Cloud computing is the latest hot technology, but a number of organizations still don’t think it’s completely safe for mission-critical or proprietary applications.
That includes some of the biggest companies in the world, admits PaaSLane, a software as a service offering that scrutinizes and helps prepare code for the cloud.
So on Tuesday it will announce version 2.5 with local profiling, which enables source code to be analyzed on premise, uploading only its statistics for analysis into its cloud.
It could be seen as a step backwards by PassLane, owned by Cloud Technology Partners of Boston, whose service went live in May. The idea is that large enterprises would upload their code for processing.
“We thought that might be an issue,” admits Benjamin Grubin, the company’s director of product marketing, :but we though we could work around it with topology and security policies. We probably could have if we pushed hard enough …. but we weren’t just ready to do that.
“Part of this is maturity in the market. I think there’s still a fundamental untrustworthiness that large enterprises attach to the public cloud.”
On the other hand, the move will help PaaSLane sales, he said. For some customers, “this is what they were waiting for.”
PaaSLane was created from Cloud Technology Partners’ origins as a consulting company helping large organizations prepare legacy applications for private clouds.
It’s a static code analysis suite for developers that looks at Java — and now, in the latest version, .Net and C# applications — for potential issues and make recommendations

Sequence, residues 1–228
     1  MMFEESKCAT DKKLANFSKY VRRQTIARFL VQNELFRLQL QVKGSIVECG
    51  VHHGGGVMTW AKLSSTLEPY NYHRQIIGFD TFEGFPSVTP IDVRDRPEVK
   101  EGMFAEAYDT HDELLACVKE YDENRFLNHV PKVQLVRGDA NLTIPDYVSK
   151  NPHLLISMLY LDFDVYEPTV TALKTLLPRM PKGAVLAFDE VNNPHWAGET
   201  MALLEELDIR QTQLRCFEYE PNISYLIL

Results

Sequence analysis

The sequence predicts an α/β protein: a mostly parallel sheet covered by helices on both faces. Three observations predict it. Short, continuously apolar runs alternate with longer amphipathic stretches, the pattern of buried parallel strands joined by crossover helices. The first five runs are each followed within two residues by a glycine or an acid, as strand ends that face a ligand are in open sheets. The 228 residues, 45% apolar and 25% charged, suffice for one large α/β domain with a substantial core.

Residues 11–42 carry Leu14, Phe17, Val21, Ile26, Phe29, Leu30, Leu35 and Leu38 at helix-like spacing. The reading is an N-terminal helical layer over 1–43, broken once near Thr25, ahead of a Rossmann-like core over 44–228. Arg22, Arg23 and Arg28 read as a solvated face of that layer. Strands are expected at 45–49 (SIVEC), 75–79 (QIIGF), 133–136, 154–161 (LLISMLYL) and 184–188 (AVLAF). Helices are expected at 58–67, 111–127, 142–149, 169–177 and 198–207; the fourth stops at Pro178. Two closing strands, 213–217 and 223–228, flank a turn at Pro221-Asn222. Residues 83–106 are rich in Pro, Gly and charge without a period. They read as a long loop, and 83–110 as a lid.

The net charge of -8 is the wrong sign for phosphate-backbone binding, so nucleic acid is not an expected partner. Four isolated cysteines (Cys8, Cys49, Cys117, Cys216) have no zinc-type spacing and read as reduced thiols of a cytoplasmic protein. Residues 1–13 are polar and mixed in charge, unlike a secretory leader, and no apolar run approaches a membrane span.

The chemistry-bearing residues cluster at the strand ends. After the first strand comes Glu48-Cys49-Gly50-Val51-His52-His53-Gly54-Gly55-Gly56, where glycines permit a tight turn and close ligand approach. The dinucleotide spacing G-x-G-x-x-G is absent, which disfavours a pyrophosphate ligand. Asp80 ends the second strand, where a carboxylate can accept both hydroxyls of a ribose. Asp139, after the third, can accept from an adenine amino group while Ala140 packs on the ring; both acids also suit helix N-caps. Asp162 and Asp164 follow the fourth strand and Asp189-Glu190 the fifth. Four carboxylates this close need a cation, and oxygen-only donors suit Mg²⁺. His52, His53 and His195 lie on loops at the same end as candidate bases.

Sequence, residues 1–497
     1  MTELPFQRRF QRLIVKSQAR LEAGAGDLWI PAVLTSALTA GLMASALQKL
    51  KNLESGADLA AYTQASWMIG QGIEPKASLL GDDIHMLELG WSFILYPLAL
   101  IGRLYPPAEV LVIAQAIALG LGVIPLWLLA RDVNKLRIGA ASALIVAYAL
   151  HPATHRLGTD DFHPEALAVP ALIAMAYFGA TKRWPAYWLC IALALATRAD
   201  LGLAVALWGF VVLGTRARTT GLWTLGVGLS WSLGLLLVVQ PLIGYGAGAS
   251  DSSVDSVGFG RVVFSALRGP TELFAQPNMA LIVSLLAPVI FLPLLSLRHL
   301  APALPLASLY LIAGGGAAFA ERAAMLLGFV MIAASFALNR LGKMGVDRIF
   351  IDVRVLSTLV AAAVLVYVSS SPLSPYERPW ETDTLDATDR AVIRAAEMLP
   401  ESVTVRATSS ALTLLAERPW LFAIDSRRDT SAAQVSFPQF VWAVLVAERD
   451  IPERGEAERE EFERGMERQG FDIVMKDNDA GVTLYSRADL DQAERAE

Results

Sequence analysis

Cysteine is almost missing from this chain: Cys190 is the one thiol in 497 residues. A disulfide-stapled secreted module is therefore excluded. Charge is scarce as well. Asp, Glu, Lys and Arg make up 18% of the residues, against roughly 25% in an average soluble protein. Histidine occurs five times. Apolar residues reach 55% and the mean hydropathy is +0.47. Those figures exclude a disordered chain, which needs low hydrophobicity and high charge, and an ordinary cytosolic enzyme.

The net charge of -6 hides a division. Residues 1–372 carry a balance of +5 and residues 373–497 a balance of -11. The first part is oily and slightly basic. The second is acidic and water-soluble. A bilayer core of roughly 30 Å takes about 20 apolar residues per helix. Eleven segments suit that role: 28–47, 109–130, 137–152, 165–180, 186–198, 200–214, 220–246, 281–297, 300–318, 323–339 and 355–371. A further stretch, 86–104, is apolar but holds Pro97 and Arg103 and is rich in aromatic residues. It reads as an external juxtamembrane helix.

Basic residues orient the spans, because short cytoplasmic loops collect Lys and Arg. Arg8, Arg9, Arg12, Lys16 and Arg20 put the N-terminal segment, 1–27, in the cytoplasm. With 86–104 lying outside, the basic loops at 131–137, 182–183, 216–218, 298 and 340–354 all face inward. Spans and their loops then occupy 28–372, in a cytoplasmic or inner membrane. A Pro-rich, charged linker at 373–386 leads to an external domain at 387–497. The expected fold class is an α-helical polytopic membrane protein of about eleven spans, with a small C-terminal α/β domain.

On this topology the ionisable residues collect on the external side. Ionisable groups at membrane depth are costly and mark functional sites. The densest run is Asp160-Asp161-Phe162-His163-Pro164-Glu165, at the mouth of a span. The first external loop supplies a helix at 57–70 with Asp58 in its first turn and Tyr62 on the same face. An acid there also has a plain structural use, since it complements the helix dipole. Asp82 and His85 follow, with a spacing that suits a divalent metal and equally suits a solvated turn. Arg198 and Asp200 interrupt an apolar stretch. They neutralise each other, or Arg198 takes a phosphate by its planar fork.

It comes in two flavors:
PaaSLane Access, which is sold by the scan for each application, looks at whether it is “more or less cloud -ready” for a number of cloud platforms including Amazon Web Services, Microsoft Azure, OpenStack, Cloud Foundry — and now with this version Google App and Compute Engines — by estimating the development effort it will require for enterprises.
Consulting firms in the business of software conversion can use it as a pre-sales estimating tool, Grubin said.
–PaaSLane Optimize, for developers to help plan what’s required to change code for specific platforms. It integrates with some lifecycle management applications to check every build. It provides advice and suggested code changes for any problems. Will help those who haven’t written “cloud code,” Grubin said.
Through regularly updated rules changes it also helps applications meet platforms changes, he added.
PaaSLane Optimize is sold as an annual subscription. There’s also a 30 day free trial service.